Florida Hospice Agrees to Pay $3 Million for Medicare Fraud Involving Patients That Were Not Terminally Ill
Hospice of the Comforter Inc (HOTCI) agreed to pay $3 million to resolve all allegations that the company violated the False Claims Act by submitting false claims to the Medicare program for hospice services provided to patients who were not dying, and therefore not eligible for the Medicare hospice benefit, according to the Justice Department.
HOTCI is based in Altamonte Springs, FL, and serves Seminole, Osceola, and Orange counties in Florida.
“This settlement is a result of the Justice Department’s continuing efforts to prevent the abuse of the taxpayer-funded Medicare hospice program, which is intended to provide comfort and care to terminally ill persons during the last six months of their lives,” said Assistant Attorney General for the Civil Division Stuart F. Delery. “We will pursue those who seek to misuse this important benefit for their own enrichment.”
According to the federal government, between December 2005 and December 2010, the hospice company engaged in Medicare fraud, specifically through billings to the Medicare program for services to patients who were not terminally ill. The complaint against the company alleged that leaders directed employees to admit all referred patients, regardless of whether they were eligible for the Medicare hospice benefit. They also reportedly instructed staff to falsify records to make it appear as though patients were eligible when they were not, employed field nurses without hospice training, established procedures that would limit physicians’ roles in assessing patients’ terminal status, and delayed discharging patients when it became clear that they were not eligible for the hospice benefit.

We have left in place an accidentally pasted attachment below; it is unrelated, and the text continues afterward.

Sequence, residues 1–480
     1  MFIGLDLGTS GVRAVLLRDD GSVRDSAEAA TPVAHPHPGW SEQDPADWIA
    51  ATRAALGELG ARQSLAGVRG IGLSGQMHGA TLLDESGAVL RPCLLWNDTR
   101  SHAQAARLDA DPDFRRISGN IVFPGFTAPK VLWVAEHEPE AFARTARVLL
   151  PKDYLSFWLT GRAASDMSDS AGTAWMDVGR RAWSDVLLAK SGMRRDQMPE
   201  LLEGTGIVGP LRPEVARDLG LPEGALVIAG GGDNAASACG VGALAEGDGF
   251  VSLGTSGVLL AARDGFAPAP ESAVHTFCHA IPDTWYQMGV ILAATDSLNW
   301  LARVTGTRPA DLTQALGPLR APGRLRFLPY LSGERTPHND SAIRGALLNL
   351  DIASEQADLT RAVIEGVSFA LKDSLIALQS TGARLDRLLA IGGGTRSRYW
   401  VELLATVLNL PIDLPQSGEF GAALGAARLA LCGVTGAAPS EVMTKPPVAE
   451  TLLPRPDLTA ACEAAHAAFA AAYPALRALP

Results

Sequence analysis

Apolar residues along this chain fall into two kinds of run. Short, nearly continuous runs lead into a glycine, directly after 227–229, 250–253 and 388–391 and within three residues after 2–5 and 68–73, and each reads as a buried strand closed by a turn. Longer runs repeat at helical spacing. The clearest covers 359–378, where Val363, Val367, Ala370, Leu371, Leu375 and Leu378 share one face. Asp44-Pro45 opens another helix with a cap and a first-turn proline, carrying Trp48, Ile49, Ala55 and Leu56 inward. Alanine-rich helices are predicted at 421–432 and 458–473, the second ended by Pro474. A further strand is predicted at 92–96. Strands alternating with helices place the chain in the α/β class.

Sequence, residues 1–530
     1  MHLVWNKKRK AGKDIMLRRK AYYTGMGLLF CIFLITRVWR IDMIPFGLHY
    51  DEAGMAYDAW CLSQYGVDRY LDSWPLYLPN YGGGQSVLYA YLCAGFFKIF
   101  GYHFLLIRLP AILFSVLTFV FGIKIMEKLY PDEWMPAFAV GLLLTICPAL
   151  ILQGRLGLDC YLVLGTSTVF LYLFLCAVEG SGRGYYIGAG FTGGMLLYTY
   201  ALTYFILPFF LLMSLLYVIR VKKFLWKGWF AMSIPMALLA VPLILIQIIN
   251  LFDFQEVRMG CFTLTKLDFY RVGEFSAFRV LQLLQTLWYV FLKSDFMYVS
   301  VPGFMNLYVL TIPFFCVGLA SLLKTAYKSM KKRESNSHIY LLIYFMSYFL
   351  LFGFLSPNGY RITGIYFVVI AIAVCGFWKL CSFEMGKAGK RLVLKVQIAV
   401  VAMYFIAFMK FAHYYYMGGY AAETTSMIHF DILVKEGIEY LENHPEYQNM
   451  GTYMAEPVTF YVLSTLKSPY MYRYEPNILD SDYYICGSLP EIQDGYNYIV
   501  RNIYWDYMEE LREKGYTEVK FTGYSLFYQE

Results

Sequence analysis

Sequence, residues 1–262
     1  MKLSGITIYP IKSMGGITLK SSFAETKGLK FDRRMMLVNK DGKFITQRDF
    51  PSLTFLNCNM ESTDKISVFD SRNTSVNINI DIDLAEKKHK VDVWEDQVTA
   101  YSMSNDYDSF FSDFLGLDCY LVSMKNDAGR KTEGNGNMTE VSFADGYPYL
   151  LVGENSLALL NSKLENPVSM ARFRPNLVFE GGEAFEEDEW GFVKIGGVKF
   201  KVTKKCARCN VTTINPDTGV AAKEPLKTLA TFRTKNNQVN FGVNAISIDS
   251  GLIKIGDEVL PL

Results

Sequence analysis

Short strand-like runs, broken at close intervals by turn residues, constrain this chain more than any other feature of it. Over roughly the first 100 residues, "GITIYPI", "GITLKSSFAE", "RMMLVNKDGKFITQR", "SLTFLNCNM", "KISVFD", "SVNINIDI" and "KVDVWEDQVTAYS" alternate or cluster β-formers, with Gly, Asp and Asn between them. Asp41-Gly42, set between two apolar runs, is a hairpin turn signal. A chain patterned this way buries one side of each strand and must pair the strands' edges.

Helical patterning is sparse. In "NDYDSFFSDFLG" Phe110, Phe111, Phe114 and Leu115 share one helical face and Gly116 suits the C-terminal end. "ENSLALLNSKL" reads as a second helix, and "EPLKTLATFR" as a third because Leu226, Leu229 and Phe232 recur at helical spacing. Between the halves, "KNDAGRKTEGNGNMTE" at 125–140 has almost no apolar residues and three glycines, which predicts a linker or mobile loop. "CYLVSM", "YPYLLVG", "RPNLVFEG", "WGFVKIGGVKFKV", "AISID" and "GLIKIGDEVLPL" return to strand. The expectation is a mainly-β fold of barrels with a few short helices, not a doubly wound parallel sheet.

“This settlement represents a fair and appropriate resolution of this troubling matter,” said Acting U.S. Attorney for the Middle District of Florida A. Lee Bentley III. “Hospice providers in our district should be on notice that our office will do what it takes to protect our citizens from this kind of misconduct.”
“Hospice care is a sacred trust from which no provider should fraudulently profit,” said Inspector General of the U.S. Department of Health and Human Services Daniel R. Levinson. “Claiming tax dollars for people who are not terminally ill ?? and therefore ineligible for hospice care ?? cannot be tolerated.”
HOTCI’s former Chief Executive Officer Robert Wilson agreed to a three-year, voluntary exclusion from federal health care programs, including Medicare and Medicaid. The facility itself agreed to enroll in a Corporate Integrity Agreement with the Inspector General for the Department of Health and Human Services in Florida that puts procedures and reviews in place to prevent further Medicare fraud.
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